Granite worktops are often an investment, and we can understand the impulse to lower the cost by doing some or all of the work yourself. As professional stoneworkers, we’re regularly impressed by the passion, skill and energy that DIY-ers put into their projects. Britain is a DIY haven, with homeowners from Aldershot to Aberdeen tackling complex jobs to transform their living space. However, working with stone is completely different from handling wood, lino and other commonly used materials. Here are a few factors to consider as you decide whether to go it alone or call in the experts.
Are your measurements reliable?
Granite worktops can’t be trimmed on site in the way that wood can, so it’s essential that your measurements are reliable. If you’re going the DIY route, then even a few millimetres of error could result in a worktop that doesn’t fit or has an unsightly gap. It could also mean appliances that don’t fit or don’t align with their plumbing and the cost of making good will be on you.
How will you cut the stone?
Granite is one of the toughest substances in the world and the cutting tools used by professional granite worktop manufacturers simply won’t be available on the shelves of a DIY store in Aldershot.
Will you need to buy new tools?
Buying new kit can often wipe out any potential savings. Granite worktops can last longer than the house they’re in, so unless you’re planning on granite throughout you may not use the tools again.
How will you transport and lift it?
Granite is as heavy as, well, a large rock. Granite worktops are typically too heavy to transport in ordinary cars (even if they do fit) and in many vans. Likewise, once you’re on site you may need several assistants to safely lift your granite worktop into place. Lifting is one of the riskiest elements of the process, where your chance of injury is highest.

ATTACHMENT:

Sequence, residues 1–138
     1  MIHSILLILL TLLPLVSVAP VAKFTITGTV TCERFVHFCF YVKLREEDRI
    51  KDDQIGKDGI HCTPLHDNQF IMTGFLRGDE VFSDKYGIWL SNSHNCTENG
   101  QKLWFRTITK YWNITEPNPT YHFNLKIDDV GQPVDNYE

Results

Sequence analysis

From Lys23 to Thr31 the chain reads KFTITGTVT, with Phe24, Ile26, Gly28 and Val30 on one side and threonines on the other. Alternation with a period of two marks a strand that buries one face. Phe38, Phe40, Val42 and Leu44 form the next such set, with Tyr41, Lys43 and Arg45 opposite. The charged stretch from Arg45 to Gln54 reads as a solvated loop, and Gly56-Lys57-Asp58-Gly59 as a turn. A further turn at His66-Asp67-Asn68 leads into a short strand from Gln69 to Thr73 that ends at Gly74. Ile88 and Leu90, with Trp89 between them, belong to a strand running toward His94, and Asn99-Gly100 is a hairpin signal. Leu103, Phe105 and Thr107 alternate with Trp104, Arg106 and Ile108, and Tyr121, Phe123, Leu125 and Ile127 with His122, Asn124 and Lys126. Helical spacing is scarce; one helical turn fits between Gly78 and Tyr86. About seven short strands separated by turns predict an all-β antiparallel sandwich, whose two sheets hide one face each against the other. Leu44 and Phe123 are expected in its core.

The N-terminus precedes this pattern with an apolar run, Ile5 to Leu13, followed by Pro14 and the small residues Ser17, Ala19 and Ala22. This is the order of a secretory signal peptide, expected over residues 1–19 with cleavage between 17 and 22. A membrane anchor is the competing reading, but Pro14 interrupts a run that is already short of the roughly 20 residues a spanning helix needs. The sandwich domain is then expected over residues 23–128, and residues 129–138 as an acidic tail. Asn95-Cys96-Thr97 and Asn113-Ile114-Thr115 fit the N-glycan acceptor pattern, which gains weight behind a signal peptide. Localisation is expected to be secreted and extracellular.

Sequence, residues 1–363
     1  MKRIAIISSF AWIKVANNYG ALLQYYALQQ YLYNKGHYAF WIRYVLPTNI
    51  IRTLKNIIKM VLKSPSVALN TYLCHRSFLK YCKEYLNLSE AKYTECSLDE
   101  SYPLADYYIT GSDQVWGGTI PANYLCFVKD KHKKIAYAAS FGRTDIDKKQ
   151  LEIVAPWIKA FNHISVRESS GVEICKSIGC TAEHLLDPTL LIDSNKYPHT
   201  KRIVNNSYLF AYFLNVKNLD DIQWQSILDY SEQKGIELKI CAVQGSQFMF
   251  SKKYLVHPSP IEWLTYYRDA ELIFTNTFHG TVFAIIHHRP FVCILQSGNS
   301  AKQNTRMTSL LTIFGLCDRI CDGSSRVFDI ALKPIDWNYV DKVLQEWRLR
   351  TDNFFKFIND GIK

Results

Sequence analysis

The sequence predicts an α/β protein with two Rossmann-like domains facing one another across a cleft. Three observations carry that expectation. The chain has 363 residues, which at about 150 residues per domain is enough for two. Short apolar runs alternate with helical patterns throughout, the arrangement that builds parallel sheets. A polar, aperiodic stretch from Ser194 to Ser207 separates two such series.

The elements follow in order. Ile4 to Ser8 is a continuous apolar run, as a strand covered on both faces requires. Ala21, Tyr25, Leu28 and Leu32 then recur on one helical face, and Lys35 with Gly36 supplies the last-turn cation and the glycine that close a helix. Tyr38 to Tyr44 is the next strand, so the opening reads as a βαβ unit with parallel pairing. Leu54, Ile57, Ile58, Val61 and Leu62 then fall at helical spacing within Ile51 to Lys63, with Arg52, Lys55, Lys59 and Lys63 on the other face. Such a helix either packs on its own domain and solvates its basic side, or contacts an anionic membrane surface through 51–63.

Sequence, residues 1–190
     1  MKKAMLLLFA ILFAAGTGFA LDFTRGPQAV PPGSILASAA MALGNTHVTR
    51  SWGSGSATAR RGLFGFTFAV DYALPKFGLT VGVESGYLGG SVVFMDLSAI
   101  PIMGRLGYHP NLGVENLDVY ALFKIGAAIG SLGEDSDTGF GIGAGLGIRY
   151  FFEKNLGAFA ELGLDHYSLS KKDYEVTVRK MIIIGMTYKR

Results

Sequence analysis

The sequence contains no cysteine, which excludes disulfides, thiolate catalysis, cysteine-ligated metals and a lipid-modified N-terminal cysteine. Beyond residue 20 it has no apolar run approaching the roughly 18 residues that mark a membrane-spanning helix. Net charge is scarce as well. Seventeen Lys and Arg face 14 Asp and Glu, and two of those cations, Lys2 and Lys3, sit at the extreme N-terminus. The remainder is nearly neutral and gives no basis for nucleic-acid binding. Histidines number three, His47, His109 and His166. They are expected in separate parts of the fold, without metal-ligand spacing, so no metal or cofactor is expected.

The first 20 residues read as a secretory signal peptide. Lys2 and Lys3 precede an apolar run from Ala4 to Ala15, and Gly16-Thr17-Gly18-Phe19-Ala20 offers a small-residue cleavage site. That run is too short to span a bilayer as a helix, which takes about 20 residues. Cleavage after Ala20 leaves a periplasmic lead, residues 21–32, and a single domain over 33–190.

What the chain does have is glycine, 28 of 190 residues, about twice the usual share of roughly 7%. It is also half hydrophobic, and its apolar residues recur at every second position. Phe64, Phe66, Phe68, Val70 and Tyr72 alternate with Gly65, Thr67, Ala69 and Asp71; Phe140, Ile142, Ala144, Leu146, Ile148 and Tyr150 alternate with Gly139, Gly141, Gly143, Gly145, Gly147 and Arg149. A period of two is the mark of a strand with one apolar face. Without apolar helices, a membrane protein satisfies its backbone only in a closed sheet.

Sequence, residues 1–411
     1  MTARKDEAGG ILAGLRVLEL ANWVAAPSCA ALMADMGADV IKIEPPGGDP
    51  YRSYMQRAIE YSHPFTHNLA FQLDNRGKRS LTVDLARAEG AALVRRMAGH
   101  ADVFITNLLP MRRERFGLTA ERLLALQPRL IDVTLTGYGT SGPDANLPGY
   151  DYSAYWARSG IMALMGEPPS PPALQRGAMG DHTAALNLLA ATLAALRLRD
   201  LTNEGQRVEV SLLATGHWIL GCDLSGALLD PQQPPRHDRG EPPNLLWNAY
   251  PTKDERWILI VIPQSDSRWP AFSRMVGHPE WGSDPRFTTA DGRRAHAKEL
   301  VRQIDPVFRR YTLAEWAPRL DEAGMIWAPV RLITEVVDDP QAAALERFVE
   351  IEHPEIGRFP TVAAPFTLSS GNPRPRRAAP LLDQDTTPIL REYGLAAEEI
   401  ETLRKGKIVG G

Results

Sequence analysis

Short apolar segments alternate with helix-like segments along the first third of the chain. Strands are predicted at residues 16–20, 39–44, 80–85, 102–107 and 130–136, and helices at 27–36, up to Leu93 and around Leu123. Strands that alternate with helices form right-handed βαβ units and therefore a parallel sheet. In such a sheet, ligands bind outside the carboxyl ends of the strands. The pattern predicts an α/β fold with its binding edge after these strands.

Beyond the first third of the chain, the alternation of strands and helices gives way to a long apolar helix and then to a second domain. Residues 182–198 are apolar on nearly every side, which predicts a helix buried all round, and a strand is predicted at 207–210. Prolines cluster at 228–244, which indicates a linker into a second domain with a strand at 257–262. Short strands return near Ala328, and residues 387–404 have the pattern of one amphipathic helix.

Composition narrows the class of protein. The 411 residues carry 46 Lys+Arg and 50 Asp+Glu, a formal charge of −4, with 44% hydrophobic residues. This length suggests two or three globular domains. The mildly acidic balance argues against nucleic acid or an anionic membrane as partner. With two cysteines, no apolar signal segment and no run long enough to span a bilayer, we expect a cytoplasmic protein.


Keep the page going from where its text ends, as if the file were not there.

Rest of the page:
Do you fully understand how to prepare your kitchen?
As granite worktops are heavier than wood or lino, kitchen units need to be assessed and, in some cases, strengthened before a stone worktop is installed.
Could you use granite tiles instead?
Granite tiles are lighter and thinner, making them easier to transport and to cut. You’ll still need to consider load weights and lift boxes carefully, but you’ll save yourself a number of other problems. For backsplashes and floors, granite tiles can be an excellent alternative for the avid DIY-er.
How much will you really save?
Now you’ve figured out which elements of the labour you could do yourself, how much would you save by doing it? At Surrey Marble and Granite, our kitchen worktop packages include templating, cutting and fitting as well as the cost of the stone. By controlling this process from end to end, we’re able to offer a lower price than if we dealt with each element individually. Get in touch today and you may be surprised at how affordable your new granite worktop can be.